Although the Keeshonds' coat makes them look like a demanding breed to groom, they actually make one of the easiest breeds to groom at home. Their hair does not need to be clipped often — in fact, if you plan to show your dog, you should avoid clipping him. Instead, trim carefully around the feet and paws to protect them from uncomfortably long hairs.
Many dog owners are apprehensive about trimming their dog’s nails because they are nervous about cutting into the quick. But with the right conditioning and careful cutting, nail clipping can be a simple, stress-free activity for you and your dog.
Provide your dog with plenty of positive reinforcement and even treats to help associate nail clipping with a positive experience. As you start to clip, gently press on your dog’s paws to help him become accustomed to the feeling of having his nails clipped. Then, work gradually, shaving down just a thin portion of the nail at first to make sure you don’t reach the quick. Clip one nail, reward your dog with a treat, and stop to give him some positive reinforcement before moving on. Gradually increase the number of nails you clip in one sitting to help your dog get used to the process. Never trim extremely long nails down to a short nail in one sitting, because this is an excellent way to accidently quick the dog’s nail. Instead, work gradually, shaving small portions of your dog’s nails off each time.
You can tell if you’re getting close to the quick by the texture of your dog’s nail. The nail is hard closer to the surface and becomes softer as you get closer to the quick. If your dog’s nail starts to feel softer, that’s a good indication that you’re getting close to the quick.
Not all breeds and coat styles require routine trimming in and around the eyes and ears but all should undergo regular inspection and cleaning around these sensitive areas. Doing so will help prevent the development of infections that could seriously damage these amazing organs.
It is always important to routinely clean your dog's eyes and ears, and examine for potential infections. Small dogs, like Pomeranians, and dogs with extremely profuse coats, like Newfoundlands, American Eskimo Dogs and Keeshonds, have ears that need to be checked weekly for infection and cleaned with a cotton ball. Gently wipe a cotton ball moistened with mineral oil, olive oil or witch hazel in your dog's ear, being careful to avoid the ear canal. Never use a Q-Tip, which could cause damage to the inner ear if your dog suddenly shakes or jerks his head. Bushy hair growth within the ear can be thinned with tweezers or blunt scissors. Use a small trimmer to trim excess hair around the eyes, ears and face. Small dogs like Pomeranians and Pekingese, and dogs with white coats like American Eskimo Dogs and Samoyeds, are prone to developing tear stains around their eyes, so clean around their eyes with a cotton ball or soft cloth and use a small trimmer to trim excess hair around their eyes.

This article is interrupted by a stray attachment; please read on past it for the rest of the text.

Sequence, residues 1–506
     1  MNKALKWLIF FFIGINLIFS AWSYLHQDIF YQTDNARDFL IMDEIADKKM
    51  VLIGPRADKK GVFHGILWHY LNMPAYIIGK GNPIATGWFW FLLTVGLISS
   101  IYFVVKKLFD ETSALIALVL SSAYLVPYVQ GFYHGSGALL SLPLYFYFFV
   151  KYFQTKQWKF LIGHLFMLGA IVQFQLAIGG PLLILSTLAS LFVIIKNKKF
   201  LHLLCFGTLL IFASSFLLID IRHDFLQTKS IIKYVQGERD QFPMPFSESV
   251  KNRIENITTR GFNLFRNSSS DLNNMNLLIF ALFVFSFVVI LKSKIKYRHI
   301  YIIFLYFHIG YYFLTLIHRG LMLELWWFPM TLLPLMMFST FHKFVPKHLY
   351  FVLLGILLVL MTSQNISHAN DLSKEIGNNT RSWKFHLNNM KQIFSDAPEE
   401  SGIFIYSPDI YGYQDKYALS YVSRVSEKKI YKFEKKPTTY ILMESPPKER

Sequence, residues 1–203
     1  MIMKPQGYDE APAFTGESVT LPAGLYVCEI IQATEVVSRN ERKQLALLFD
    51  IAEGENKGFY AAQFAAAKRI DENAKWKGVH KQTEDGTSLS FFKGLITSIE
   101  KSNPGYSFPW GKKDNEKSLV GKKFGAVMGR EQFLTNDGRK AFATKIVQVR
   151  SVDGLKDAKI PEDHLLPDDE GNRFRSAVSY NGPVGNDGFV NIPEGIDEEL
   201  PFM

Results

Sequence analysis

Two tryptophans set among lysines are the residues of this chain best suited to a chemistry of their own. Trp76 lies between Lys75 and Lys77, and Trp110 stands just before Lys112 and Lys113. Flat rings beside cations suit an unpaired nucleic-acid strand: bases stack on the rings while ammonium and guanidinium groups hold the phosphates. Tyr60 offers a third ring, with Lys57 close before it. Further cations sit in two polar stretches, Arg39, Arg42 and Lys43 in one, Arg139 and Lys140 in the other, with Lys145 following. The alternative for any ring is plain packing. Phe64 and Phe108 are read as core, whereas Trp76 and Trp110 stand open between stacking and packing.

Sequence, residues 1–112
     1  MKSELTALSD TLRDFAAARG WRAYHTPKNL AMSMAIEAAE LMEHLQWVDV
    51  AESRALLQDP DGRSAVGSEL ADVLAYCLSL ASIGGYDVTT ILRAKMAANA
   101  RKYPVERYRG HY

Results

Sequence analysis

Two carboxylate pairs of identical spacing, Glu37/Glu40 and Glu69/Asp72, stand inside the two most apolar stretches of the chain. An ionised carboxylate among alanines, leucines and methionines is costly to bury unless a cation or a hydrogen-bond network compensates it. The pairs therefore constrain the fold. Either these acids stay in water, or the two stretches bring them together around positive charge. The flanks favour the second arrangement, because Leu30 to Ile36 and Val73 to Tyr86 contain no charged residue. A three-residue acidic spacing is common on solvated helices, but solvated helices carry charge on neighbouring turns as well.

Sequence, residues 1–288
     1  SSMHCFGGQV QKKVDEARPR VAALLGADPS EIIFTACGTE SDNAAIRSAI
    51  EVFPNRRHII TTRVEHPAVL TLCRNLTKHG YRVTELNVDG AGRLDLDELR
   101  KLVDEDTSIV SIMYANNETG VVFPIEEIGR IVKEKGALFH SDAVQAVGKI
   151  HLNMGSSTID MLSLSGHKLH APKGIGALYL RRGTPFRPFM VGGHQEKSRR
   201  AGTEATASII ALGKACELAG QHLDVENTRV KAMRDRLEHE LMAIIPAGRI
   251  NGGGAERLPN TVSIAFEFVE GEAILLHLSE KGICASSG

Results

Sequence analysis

Many owners do not realize how important it is to brush your pet’s teeth on a regular basis. Some dogs are prone to dental problems and sensitive teeth, especially small dogs with tiny teeth and dogs with special diets. These problems can be easily combatted with frequent brushing.
Cavities are rare with dogs but gum disease caused by tartar buildup is not, which is why they require regular brushing with toothpaste and a toothbrush formulated specifically for dogs. While daily brushing is ideal, doing so on a weekly basis will be a big help in avoiding the need to bring your dog to a veterinarian for a cleaning, which usually has to be done under sedation.